Neubility is not a company with vague possibilities. Since Lee established the company in 2017, it has attracted a significant amount of investments. The company attracted 23 billion won ($17.4 million) from investors such as IMM Investment, Samsung Welstory, SK Telecom, Signite Partners, Lotte Ventures and KB Investment in a Series A funding round in April.
The company also won an opportunity from Samsung Electronics’ startup support program, C-Lab Outside, in 2021. With Samsung’s help, Neubility said it was able to build a stable business foundation including financial consulting and business cooperation.
“About 70 employees are currently working for the company and talented professionals are joining our company as the business is growing,” Lee said.
The CEO said the robot delivery service has tremendous growth potential, although it is still in its infant stage similar to the early 1980s when people began using personal computers.
“I really enjoy creating a new market. Above all, it is also very attractive to create services with robots, though robots had been viewed from a manufacturing perspective. When I look at the robot industry, I think of the 1980s when the concept of the personal computer was born. I strongly believe that the robot industry will be in line with the development of the computer industry in the future. It may take time, but I believe it’s a battle in which the company that leads first takes the lead,” Lee said.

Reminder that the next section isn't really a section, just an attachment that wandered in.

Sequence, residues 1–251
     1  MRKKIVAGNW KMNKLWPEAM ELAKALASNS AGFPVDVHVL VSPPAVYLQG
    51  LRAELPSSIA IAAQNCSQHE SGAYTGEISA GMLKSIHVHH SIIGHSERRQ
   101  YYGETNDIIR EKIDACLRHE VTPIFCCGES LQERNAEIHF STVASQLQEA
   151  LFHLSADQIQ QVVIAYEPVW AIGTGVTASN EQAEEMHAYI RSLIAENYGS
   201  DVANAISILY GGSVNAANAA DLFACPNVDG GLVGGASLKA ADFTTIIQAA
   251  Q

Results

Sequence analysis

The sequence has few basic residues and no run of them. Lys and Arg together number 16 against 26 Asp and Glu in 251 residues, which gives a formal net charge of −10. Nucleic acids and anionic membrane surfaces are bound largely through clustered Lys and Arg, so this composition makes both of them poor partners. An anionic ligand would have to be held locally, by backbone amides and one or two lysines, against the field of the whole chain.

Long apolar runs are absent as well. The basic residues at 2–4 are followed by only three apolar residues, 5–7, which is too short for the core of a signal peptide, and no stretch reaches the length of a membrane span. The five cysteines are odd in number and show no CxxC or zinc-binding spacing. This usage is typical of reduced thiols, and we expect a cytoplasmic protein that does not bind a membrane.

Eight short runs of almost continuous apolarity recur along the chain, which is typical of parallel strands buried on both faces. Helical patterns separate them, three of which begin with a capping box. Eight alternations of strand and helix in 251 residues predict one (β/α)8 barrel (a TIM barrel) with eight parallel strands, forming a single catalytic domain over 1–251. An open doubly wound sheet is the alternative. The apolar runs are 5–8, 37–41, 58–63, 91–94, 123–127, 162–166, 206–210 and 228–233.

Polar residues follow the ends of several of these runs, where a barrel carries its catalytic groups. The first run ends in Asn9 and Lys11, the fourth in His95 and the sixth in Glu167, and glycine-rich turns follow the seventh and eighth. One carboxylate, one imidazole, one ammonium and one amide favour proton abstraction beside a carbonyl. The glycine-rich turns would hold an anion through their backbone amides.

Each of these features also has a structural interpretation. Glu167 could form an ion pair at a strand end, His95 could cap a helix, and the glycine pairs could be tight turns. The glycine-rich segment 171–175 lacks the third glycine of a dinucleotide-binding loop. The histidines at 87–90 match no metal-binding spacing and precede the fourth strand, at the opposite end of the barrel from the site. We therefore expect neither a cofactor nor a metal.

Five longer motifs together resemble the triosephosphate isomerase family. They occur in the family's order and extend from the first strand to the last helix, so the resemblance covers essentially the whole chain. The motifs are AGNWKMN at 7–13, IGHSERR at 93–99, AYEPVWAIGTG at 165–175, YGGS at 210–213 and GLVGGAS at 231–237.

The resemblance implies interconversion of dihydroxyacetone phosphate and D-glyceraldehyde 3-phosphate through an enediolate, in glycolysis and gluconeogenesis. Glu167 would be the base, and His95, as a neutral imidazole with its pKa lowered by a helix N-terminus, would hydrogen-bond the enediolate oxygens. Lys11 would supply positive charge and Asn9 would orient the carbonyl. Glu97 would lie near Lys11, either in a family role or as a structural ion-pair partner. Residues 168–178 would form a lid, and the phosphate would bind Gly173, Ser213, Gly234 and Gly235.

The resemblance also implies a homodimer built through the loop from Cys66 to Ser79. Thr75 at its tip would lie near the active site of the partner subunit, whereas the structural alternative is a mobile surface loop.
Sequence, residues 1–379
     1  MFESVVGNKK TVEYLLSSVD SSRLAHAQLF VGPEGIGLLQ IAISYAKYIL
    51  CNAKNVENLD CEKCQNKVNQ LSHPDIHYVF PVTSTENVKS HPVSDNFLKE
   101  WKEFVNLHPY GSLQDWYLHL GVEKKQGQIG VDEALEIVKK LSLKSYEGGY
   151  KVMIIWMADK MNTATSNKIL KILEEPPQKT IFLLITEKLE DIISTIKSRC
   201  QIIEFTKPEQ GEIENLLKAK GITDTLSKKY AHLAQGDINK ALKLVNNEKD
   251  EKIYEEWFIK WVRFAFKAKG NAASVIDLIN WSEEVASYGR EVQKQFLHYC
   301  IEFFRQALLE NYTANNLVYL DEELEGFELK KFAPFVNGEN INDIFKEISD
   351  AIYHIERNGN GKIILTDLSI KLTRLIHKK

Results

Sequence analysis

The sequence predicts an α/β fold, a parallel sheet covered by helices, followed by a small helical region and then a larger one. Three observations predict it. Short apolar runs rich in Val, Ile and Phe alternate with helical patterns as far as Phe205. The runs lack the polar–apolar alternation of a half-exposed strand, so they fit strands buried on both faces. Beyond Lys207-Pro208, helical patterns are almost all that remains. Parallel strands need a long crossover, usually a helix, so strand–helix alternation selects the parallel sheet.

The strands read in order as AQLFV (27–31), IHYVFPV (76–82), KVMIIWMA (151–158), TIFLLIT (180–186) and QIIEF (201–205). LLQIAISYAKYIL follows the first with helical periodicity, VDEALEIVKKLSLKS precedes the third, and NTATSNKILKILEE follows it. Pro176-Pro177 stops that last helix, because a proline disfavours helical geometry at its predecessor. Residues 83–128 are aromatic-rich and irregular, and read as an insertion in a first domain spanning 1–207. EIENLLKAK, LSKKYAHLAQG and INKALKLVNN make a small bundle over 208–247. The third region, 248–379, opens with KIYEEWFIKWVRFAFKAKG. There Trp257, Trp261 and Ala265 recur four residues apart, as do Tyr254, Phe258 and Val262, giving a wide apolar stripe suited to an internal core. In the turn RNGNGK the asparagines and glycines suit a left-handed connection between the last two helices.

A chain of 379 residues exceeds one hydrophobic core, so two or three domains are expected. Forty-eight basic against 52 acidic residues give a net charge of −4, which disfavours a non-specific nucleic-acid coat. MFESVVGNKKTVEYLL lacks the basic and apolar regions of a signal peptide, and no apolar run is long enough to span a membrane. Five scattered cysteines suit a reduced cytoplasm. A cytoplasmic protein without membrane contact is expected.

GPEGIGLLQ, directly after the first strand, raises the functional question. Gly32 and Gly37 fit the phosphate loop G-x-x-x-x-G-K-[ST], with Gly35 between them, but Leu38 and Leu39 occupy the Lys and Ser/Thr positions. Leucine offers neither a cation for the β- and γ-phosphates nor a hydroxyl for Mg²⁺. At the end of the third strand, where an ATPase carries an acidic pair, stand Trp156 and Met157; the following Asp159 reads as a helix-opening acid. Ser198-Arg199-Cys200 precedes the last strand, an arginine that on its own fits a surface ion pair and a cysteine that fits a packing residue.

Neubility is also expanding its footprint in global markets, agreeing recently with European autonomous mobility company Goggo Network to test operate its robot delivery service in Spain.
Under the agreement, the two companies will cooperate with logistics companies in Europe and offer robot delivery services.
“We are working with Goggo Network, which has various service experiences and excellent platforms in Europe. We will play a role in expanding the base of the autonomous robot ecosystem by launching reliable service not only in Korea, but also in global markets,” Lee said.
|Neubility’s self-driving delivery robot Neubie delivers books from the National Assembly Library to the main National Assembly building, while Rep. Chung Il-young, right, and other Assembly officials watch in Yeouido, Seoul, Aug. 25. Courtesy of Neubility|
Creating acceptable service is key